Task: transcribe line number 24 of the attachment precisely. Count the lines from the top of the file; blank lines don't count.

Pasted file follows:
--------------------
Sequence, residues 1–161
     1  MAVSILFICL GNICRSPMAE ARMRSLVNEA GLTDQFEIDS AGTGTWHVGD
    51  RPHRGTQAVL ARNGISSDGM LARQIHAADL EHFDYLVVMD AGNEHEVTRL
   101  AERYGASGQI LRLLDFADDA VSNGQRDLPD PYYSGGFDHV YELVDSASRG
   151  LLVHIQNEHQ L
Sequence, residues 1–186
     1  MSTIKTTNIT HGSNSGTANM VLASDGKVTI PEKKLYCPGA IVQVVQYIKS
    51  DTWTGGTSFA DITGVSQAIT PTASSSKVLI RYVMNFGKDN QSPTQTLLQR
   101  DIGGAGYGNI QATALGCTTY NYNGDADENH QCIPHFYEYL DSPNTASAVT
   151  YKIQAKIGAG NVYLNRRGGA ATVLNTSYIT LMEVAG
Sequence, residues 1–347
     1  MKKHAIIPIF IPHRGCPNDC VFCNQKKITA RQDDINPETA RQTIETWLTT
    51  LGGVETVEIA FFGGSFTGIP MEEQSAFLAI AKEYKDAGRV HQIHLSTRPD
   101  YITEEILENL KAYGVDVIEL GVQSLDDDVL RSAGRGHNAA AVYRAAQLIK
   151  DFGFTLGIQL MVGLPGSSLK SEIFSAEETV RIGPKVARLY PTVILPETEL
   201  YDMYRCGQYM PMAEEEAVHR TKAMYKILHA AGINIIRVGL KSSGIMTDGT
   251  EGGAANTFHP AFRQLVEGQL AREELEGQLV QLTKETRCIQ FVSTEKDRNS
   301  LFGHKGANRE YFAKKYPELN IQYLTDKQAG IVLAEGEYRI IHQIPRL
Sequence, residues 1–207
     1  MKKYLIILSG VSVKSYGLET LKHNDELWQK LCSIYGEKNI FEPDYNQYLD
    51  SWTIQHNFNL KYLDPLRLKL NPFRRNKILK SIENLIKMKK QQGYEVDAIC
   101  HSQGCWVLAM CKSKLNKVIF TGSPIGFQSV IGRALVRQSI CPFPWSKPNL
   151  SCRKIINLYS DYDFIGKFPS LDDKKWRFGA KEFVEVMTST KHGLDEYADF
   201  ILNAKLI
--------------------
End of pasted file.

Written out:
   201  ILNAKLI